teaching & curriculum development


lighting & camera

"Technical and artistic propensities are sometimes considered diametrically opposed. In cinematography, they are inextricably intertwined."

From one-page "On Teaching Narrative Cinematography". Click here to view.

Cinematographers take a rational approach that permits aesthetic choice, and enables production of desired imagery, at will and with consistency. For example…

The thumbnail image series shown is an example of teaching this approach, from a class on motivated lighting. The two "highlighted" images, with red arrows, are the frames that represent how the scene will look. The image series progressively reveals the function and effect of each lighting instrument in the final scene.

I teach lighting by presenting four "levers" of control: Direction, Quality, Intensity and Color. Manipulating DQIC for each instrument enables creative control. In this example, it leads to generalized characteristics of "movie day" - everything not shadowed has light; and of "movie night" - everything not lit is shadowed. 

Like most tasks that involve tools and instruments, abstract knowledge is not be confused with skill. The scaffold of abstraction, plus the "serious play" of hands-on practice, are mutually reinforcing and produce the fastest learning. 

I am not bound by what was learned in film school, since my film school was on the job. I teach what I found to be actually useful in the field, and have developed my own base principles for structuring thought and inquiry. Some sample handouts are below (clickable).

Prelighting and waveform analysis.

Prelighting and waveform analysis.

Discrete luminaire functions in motivated lighting setups. The two images with red arrows show the final scene. Click to enlarge.

To help students grasp use of waveform monitors, I made my own test chart to show a  "stairstep" of luminance, and RGB/CMY grads that show as curved lines. Click image to enlarge. Click here for hi-rez, printable version. TEACHING AID ONLY - NOT FOR CALIBRATION PURPOSES. I recommend charts from DSC Labs for professional use.

Leading formal Projects

Commonwealth shakespeare company


The video shown here was a Practicum for the Commonwealth Shakespeare Company, (Artistic Director, Steve Maler). This was to promote the series and its significance in the metro-Boston area, not any specific performance. 

We shot on large chip Sony FS100, in addition to EX1's and a student's 7D. There were some fun shots from a snorkel lift, and the students learned about staying in a bucket until intermission! Great people, great group to support.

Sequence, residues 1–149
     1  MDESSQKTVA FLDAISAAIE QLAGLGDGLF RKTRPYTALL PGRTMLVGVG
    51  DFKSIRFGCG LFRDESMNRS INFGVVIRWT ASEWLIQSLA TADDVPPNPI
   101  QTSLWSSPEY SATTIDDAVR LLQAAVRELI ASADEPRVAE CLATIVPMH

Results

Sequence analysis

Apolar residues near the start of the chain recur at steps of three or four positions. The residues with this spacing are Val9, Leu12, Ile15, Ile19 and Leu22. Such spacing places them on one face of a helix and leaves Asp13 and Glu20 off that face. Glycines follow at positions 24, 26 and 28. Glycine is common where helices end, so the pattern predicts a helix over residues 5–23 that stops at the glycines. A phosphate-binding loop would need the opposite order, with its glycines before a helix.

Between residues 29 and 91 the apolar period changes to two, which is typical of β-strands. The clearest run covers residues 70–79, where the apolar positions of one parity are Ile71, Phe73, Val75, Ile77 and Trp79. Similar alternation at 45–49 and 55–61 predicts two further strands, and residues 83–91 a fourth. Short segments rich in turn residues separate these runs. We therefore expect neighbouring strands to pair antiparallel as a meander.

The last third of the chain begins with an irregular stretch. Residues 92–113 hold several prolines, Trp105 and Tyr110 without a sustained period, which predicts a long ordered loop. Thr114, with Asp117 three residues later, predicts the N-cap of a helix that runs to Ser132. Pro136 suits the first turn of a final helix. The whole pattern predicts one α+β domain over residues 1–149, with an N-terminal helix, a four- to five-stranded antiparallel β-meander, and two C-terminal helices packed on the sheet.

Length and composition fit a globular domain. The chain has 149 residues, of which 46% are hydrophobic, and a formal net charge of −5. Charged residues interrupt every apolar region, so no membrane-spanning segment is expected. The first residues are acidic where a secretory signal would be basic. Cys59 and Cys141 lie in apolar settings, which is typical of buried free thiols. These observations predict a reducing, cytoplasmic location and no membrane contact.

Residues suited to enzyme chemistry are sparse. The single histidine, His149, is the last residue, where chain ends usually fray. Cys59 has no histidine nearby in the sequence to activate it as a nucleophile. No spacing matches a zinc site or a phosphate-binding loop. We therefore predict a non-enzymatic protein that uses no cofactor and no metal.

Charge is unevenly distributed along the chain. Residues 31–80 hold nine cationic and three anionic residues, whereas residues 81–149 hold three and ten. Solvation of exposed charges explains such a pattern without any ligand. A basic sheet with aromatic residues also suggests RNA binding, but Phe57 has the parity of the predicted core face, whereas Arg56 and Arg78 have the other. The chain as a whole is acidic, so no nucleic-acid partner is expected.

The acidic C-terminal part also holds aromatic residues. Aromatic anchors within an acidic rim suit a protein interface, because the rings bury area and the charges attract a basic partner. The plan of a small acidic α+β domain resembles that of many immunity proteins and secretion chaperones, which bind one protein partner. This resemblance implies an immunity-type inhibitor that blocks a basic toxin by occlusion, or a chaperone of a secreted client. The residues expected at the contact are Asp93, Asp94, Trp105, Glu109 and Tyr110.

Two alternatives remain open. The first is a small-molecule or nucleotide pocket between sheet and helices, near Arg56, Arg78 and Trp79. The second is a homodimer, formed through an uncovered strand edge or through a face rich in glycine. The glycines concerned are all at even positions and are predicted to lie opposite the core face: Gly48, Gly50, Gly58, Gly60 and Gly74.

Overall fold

For daytime interviews, I rigged an overhead diffusion of light grid cloth, and used HMI's kindly donated by High Output to bring some directionality while keeping exposure and color temperature balanced for the background stage. 



I led a series of Practicums at Children's Hospital, Boston in 2006 and 2007. The videos were used as orientation and education for the parents of kids entering the oncology floors at 6 West and 6 North. Please see the Hospital Representative's recommendation on pdf.

In addition to 5 minute pieces introducing the floor, services and personnel, we included more than a half hour of extended interview segments with key medical and social staff. I structured the pieces, supervised research, and directed all shooting. 

These were difficult but rewarding projects. Patient confidentiality prevents showing clips.

commercial projects

The series of short film clips is indicative of student work under my direction. The two shown here are from a commercial project cycle, and represent the interests of the clients. I helped them structure the writing and shooting plans, supervised the shoots, advising on lighting and camera, as well as client coordination. 

In respect for commercial interests, these video clips require you load the same password as you did for this site. I apologize for the inconvenience. 

For a series of classroom exercise and project segments under my direction, please go to vimeo.com/robotham, show All, sort Alphabetical. Out of respect for students and volunteer actors, many of these are password protected. Please use the same password as for this site. 

consulting director of filmmaking Program, BU-CDIA (now defunct)

From 2010 to 2014 I was responsible for the total filmmaking program, revising the structure from atomized elements into a series of progressive project-based cycles. This provided a context for all modules, in keeping with professional norms.

Prior to that, I developed a signature curriculum module (Smith&Jones) for new students. This plunges new students into the world of filmmaking through a guided, immersive and fun project. 

See the Smith & Jones project pdf. See the Instructor Guide to the Smith and Jones project. (please download pdf's if they are not displaying fully within browser)

"Tom Robotham has been the Consulting Director of our Filmmaking Program since 2010. In that time he has revitalized the program through a new structure based on project cycles, filmmaking vocabulary, and periodic proficiency assessments. Tom has been one of the best program directors and instructors we've ever had at our school."

Bob Daniels, Executive Director, CDIA, Boston University

Consulting Director of Filmmaking 2010-2014, revising total program to project-based model, responsible for all curriculum and final evaluations. Lead instructor and curriculum developer in cinematography and lighting 2005-2010. 

Camera instructor 2005, 2009, 2010.


Continuing Ed. Camera & Filmmaking 2006-2008

"Tom ranks among the very best teachers I've ever had in any school."

What students say, verbatim quotes

Please contact for access to Work in development relating to the filmmaking process